This website requires JavaScript.

Preparing for the EU Pay Transparency Directive | Download our E-book for free

Pay equity analyses and reporting

Local requirements

The PayAnalytics software makes complying with local requirements and regulations easier than ever before, allowing organizations to conduct pay equity analyses to identify any pay disparities. The software is also equipped with built-in reports and other features that help you every step of the way. PayAnalytics is a global solution covering all markets and is currently used in over 75 countries. We have compiled a list of articles that provide information on some local requirements that many of our customers need to fulfill.

USA — Pay data reporting (EEO-1)

Although no gender pay gap reporting per se is required, some demographic data reporting is required in the US. This article outlines the types of EEO-1 reports, which organizations should submit them, and how to use PayAnalytics to meet US reporting requirements.

Global insights

More updates and articles on global pay equity laws and regulations

The legal framework surrounding pay equity is constantly evolving. At PayAnalytics, we are continuously scanning new legislation and policy revisions related to pay equity across the globe. This section offers you a diverse collection of articles that go into detail on the most recent regulatory shifts and emerging trends in pay equity.

US Pay Transparency Laws by State 2023

While there is no comprehensive federal pay transparency law in the United States, pay transparency laws at the state and city level are becoming increasingly prevalent. These regulations require employers to be more transparent with salary ranges and benefits, and they aim to help promote fairness and equity in the workplace.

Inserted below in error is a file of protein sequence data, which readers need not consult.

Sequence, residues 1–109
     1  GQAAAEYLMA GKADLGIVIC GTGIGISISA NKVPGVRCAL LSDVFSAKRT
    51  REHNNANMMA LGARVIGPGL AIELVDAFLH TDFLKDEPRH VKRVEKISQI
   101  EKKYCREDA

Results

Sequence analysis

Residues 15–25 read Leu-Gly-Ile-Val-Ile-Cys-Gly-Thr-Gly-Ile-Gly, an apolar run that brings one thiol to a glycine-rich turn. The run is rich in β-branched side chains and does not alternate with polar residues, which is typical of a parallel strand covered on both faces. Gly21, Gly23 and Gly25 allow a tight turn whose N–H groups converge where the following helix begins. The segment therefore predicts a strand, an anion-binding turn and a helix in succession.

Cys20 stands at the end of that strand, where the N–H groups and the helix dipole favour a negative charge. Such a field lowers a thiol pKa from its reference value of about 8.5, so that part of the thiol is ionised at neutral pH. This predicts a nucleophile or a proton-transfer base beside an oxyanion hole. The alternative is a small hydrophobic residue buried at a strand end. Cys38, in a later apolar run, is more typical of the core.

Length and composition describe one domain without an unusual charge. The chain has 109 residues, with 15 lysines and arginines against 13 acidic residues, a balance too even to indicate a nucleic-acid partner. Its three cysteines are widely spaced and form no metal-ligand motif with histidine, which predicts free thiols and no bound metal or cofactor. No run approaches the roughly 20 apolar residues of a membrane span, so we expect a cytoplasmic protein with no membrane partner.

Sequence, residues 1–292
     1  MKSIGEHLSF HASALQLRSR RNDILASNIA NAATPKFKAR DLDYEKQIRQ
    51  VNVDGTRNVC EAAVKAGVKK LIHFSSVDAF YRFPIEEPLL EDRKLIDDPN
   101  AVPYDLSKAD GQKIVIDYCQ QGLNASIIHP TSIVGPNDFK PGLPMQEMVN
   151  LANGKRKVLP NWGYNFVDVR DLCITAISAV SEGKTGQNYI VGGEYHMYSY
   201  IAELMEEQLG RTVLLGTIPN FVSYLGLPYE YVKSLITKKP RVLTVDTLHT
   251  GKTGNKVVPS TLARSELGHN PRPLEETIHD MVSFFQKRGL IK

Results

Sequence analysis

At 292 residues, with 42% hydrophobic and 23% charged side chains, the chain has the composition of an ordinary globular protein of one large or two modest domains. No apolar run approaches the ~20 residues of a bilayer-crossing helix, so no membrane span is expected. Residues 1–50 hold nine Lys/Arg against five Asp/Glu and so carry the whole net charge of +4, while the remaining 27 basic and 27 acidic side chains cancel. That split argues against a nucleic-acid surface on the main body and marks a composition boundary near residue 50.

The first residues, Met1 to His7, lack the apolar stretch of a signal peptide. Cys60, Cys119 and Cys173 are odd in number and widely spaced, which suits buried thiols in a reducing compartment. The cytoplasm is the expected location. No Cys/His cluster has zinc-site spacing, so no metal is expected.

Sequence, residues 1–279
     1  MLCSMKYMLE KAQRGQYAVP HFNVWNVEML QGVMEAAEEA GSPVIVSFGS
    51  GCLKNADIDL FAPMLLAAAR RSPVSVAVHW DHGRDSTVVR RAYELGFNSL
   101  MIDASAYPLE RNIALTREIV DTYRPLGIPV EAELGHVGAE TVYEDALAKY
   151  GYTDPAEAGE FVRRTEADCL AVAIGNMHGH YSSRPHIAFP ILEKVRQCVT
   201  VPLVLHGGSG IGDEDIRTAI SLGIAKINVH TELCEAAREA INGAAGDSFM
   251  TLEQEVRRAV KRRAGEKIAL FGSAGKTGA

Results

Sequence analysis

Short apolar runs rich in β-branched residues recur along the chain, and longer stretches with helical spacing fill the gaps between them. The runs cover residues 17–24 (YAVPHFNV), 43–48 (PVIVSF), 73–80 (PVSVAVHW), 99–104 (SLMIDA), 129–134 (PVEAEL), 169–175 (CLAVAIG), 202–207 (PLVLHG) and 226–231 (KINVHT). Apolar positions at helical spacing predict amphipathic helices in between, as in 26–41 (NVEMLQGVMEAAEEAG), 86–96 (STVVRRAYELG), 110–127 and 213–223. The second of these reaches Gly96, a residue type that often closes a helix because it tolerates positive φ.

Ireland Rolls Out New Pay Equity Law

In summer 2022, Ireland implemented a far-reaching pay equity legislation, the Gender Pay Gap Information Act 2021. This legislation requires employers to begin reporting on their gender pay gaps. Companies will need to report differences in the mean and median pay between male and female employees. And if there’s a pay disparity, the company will need to provide a written explanation for it and outline any steps planned to close the gap.

California strengthens its pay equity requirements

California, the first U.S. state to pass a law on pay data reporting, is considering proposed legislation taking the requirements of the original bill even further. Senate Bill 973 on pay equity was passed in September 2020 and requires large employers to provide data on employees by race, ethnicity, and sex in the ten job categories and pay ranges used by the U.S. Bureau of Labor Statistics. The first data reports were submitted to the Department of Fair Employment and Housing (DFEH) in March 2021.

Maryland Pay Transparency Law

In Maryland, the Equal Pay for Equal Work Act not only prohibits gender-based pay discrimination but also has several transparency requirements. These include providing the pay range to applicants on request and a prohibition against asking for salary history. The law also protects employees’ rights to discuss their pay.

Pay Transparency Requirements Take Effect in New York City

Companies hiring in New York City have been changing the way they advertise job openings in response to the new pay transparency law. The New York City pay transparency law's effective date was November 1, 2022, and since then, companies with four or more employees must post the pay range for every job posting. The law covers all NYC-based companies. It also covers companies beyond city limits posting remote jobs that may be filled by NYC-based workers.